Football participation for kids source of conflict in family court

Divorcing parents fight over a range of issues, from big questions like who the children will live with and how to handle major educational and medical decisions to some relatively minor issues.

Now another source of contentiousness has emerged: whether the kids should play football.

As more and more evidence links football to long-term brain damage, a lot of parents are having second thoughts about whether their children should play the sport. This has resulted in disagreements that led to some parents going to court over whether their custody orders should bar their kids from taking the field.

One such dispute is happening in Pittsburgh. John Orsini is seeking to stop his youngest son from playing high-school football because the boy has had concussions in the past and Orsini is worried about him having more in the future. The boy’s mom, however, says their son understands the risks, wants to keep playing and should be able to decide for himself.

Orsini hasn’t been able to get the judge to block his son from playing and the issue is headed for trial. For now, the boy is still playing and apparently hopes to play in college, like his older brother.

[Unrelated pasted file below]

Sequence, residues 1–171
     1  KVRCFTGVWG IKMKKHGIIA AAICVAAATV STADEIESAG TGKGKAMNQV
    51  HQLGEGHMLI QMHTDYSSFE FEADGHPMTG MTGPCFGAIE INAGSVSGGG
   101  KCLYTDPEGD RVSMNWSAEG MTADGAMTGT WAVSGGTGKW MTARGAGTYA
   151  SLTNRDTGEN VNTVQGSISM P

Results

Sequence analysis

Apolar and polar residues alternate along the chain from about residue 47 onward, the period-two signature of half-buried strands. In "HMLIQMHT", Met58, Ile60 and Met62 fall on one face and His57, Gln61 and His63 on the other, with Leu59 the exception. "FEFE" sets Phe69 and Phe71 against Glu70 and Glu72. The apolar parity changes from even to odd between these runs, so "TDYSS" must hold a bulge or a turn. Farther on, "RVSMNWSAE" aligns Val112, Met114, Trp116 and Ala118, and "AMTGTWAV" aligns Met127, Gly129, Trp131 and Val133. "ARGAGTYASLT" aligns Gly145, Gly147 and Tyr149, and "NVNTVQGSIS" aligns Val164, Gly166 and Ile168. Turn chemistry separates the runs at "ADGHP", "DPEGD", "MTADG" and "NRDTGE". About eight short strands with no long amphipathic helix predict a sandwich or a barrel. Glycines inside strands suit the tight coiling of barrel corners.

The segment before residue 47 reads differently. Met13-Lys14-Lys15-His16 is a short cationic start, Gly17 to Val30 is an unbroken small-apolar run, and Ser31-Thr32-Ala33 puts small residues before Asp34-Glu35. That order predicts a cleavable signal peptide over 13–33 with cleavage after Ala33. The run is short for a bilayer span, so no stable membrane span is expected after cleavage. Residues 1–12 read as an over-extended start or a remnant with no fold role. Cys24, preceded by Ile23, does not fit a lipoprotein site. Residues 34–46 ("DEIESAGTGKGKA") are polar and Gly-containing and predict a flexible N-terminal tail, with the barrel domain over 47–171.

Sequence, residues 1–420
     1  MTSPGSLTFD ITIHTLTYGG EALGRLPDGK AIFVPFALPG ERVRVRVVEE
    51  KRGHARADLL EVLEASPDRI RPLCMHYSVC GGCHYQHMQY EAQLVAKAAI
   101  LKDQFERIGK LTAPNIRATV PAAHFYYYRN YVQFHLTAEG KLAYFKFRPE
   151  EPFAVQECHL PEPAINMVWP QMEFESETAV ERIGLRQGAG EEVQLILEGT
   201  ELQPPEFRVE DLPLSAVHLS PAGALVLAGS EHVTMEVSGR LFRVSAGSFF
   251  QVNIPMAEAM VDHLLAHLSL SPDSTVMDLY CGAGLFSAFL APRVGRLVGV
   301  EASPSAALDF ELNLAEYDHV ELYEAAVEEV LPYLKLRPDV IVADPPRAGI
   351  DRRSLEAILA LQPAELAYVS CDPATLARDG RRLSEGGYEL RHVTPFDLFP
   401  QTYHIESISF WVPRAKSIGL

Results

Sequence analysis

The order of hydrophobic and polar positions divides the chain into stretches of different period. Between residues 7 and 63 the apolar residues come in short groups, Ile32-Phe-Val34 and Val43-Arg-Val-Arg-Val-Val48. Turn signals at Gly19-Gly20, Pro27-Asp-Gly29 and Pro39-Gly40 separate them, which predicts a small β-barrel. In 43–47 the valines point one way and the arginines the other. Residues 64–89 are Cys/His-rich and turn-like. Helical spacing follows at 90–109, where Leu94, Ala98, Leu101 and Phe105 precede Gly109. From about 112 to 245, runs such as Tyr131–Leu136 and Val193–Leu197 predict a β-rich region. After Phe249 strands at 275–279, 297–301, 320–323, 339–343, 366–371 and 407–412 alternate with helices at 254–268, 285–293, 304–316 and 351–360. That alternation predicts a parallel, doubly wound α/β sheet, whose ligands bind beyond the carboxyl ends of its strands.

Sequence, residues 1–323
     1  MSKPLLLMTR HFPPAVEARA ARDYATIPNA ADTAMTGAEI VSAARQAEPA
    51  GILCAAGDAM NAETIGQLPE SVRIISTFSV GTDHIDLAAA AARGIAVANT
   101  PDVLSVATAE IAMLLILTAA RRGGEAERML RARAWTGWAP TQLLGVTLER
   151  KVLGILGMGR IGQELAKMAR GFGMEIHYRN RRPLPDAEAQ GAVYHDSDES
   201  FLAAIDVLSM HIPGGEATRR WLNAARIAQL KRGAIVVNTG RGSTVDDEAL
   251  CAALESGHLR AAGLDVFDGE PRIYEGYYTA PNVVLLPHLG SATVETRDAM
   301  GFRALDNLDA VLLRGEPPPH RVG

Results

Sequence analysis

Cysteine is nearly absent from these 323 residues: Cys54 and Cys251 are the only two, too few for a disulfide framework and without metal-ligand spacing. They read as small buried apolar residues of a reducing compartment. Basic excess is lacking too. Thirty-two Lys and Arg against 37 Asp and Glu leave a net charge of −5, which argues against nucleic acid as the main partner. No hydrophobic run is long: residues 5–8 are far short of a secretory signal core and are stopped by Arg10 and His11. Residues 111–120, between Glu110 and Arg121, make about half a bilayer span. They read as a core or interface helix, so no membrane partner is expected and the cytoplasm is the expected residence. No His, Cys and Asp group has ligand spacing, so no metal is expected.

It’s hard to say how judges will ultimately resolve these types of disputes. There’s plenty of research that football poses serious health risks in the long run, but coaches and trainers are now better equipped to detect and address signs of concussions. Plus, judges in many states are elected and may be concerned about re-election if they start routinely issuing orders blocking kids from hitting the gridiron. These are also very fact-specific cases that can depend heavily on the individuals involved.

But if you’re concerned about your own child playing football and your ex-spouse disagrees, talk to a family law attorney to determine how best to approach the issue.

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